The Magistrate at the Byron Bay Local Court has issued a warrant for the arrest of the owner of a menacing dog after she failed to appear in court last week.
It followed an incident in Byron Bay in January 2018 when the defendant’s dog, an American Staffordshire terrier, badly injured a toy poodle and bit the poodle’s owner and another person at a property in Jonson Street.
The poodle’s neck was ripped open during the attack and it was revealed the Staffordshire terrier was a declared menacing dog after biting a six year old boy in Sydney in 2016.
Staff from Byron Shire Council’s Animal and Enforcement team investigated the incident and found the dog was not muzzled or under effective control at the time of the attack as was required under the Companion Animals Act.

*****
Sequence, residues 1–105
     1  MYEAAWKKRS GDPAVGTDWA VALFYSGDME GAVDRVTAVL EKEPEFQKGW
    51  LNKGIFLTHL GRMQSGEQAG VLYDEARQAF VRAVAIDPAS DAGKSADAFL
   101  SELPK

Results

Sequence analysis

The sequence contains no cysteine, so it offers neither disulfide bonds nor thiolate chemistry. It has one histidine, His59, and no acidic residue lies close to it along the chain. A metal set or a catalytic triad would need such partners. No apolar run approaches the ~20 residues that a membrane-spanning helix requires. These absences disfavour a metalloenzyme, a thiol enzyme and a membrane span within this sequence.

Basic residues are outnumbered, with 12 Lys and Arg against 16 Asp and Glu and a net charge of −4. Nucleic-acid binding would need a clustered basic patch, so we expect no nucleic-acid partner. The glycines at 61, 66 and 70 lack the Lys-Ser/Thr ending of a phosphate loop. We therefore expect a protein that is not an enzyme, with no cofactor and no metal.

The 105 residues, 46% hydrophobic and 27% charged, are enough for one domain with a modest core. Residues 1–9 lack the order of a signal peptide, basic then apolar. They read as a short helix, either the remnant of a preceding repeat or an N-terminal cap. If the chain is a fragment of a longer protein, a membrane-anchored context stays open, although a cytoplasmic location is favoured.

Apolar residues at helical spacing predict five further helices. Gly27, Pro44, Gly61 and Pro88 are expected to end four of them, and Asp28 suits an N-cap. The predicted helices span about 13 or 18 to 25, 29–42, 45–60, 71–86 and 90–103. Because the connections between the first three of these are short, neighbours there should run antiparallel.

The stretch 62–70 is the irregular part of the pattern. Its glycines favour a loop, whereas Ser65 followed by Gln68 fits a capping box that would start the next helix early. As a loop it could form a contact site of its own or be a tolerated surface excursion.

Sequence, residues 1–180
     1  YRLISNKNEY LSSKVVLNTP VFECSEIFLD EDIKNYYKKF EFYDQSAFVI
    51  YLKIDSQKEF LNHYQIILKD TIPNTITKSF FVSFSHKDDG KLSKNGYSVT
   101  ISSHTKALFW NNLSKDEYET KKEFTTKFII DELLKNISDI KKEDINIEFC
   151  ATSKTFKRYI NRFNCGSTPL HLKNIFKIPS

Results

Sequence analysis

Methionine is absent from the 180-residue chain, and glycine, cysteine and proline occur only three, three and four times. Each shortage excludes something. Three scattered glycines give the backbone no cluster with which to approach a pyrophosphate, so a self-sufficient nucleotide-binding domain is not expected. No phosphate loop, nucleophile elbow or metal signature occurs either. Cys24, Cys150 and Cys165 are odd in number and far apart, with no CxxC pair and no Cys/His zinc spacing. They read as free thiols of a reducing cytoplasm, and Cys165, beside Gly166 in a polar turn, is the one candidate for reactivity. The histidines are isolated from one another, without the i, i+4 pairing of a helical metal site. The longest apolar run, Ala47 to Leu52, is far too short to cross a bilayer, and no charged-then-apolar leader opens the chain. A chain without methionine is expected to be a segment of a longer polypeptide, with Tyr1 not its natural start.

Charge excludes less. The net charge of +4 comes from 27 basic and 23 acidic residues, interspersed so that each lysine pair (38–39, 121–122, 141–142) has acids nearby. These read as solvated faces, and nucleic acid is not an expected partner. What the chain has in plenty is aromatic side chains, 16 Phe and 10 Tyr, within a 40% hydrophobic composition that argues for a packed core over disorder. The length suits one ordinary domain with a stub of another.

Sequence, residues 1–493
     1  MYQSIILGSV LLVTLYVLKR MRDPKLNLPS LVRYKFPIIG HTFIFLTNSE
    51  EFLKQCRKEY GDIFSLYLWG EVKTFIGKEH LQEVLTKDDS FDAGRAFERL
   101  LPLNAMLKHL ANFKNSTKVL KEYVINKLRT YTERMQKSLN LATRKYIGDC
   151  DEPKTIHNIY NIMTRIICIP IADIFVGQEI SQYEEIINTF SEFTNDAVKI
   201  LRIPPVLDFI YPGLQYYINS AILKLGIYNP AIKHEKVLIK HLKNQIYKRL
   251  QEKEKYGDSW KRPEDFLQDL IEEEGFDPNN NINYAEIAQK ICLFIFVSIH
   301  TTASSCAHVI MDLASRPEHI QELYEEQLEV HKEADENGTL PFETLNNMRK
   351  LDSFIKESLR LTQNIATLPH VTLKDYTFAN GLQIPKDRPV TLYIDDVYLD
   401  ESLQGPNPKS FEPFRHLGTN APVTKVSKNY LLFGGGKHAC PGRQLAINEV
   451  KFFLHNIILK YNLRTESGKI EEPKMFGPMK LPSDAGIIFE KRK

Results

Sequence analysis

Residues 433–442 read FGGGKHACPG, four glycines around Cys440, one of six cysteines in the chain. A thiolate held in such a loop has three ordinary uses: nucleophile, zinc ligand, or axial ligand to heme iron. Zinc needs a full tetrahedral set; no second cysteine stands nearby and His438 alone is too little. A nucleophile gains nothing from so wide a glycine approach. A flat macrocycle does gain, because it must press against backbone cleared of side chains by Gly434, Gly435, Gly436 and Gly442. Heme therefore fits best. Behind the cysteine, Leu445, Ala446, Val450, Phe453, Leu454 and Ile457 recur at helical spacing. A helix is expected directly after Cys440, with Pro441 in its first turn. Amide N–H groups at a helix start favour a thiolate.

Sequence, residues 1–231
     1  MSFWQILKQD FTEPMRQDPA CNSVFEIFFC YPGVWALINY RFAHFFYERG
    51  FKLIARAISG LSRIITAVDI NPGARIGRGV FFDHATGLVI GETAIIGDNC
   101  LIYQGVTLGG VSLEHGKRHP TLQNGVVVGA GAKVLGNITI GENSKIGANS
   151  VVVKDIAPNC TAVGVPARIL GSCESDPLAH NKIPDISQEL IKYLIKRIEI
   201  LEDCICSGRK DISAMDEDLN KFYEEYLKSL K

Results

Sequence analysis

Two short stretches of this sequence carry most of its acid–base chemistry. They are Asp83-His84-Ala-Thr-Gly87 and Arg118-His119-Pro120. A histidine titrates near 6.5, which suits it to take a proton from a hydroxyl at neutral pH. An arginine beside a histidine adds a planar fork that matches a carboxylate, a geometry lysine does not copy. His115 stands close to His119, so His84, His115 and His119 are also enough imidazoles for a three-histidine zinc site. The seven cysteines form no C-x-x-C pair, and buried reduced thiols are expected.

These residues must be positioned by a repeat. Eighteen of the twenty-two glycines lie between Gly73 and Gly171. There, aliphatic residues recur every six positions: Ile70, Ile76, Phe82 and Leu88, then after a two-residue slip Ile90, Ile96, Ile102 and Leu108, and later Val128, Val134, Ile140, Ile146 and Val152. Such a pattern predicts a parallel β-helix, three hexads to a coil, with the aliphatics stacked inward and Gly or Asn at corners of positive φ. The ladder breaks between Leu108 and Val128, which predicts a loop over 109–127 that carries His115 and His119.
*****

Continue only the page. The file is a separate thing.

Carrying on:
Given the severity of the injuries to the poodle, and the seriousness of the matter, staff issued a Court Attendance Notice in lieu of an on-the-spot fine.
Council staff could not intervene concerning the control of the dog as the owner relocated to Queensland.
Council’s Legal Counsel, Ralph James, said that when the defendant failed to appear in court her solicitor withdrew from proceedings and the matter was dealt with in her absence.
The defendant was convicted and a warrant issued for her arrest. The court also ordered that she pay $7,600 in professional costs and witnesses expenses.
‘The Magistrate indicated that he was not prepared to impose a fine in the defendant’s absence because it did not indicate the seriousness of the matter,’ Mr James said.
‘The defendant was also disqualified for life from owning a dog or being in charge of a dog in a public place,’ he said.
‘When the defendant is ultimately brought before the court she is facing a maximum penalty of $22,000 or four years in prison,’ Mr James said.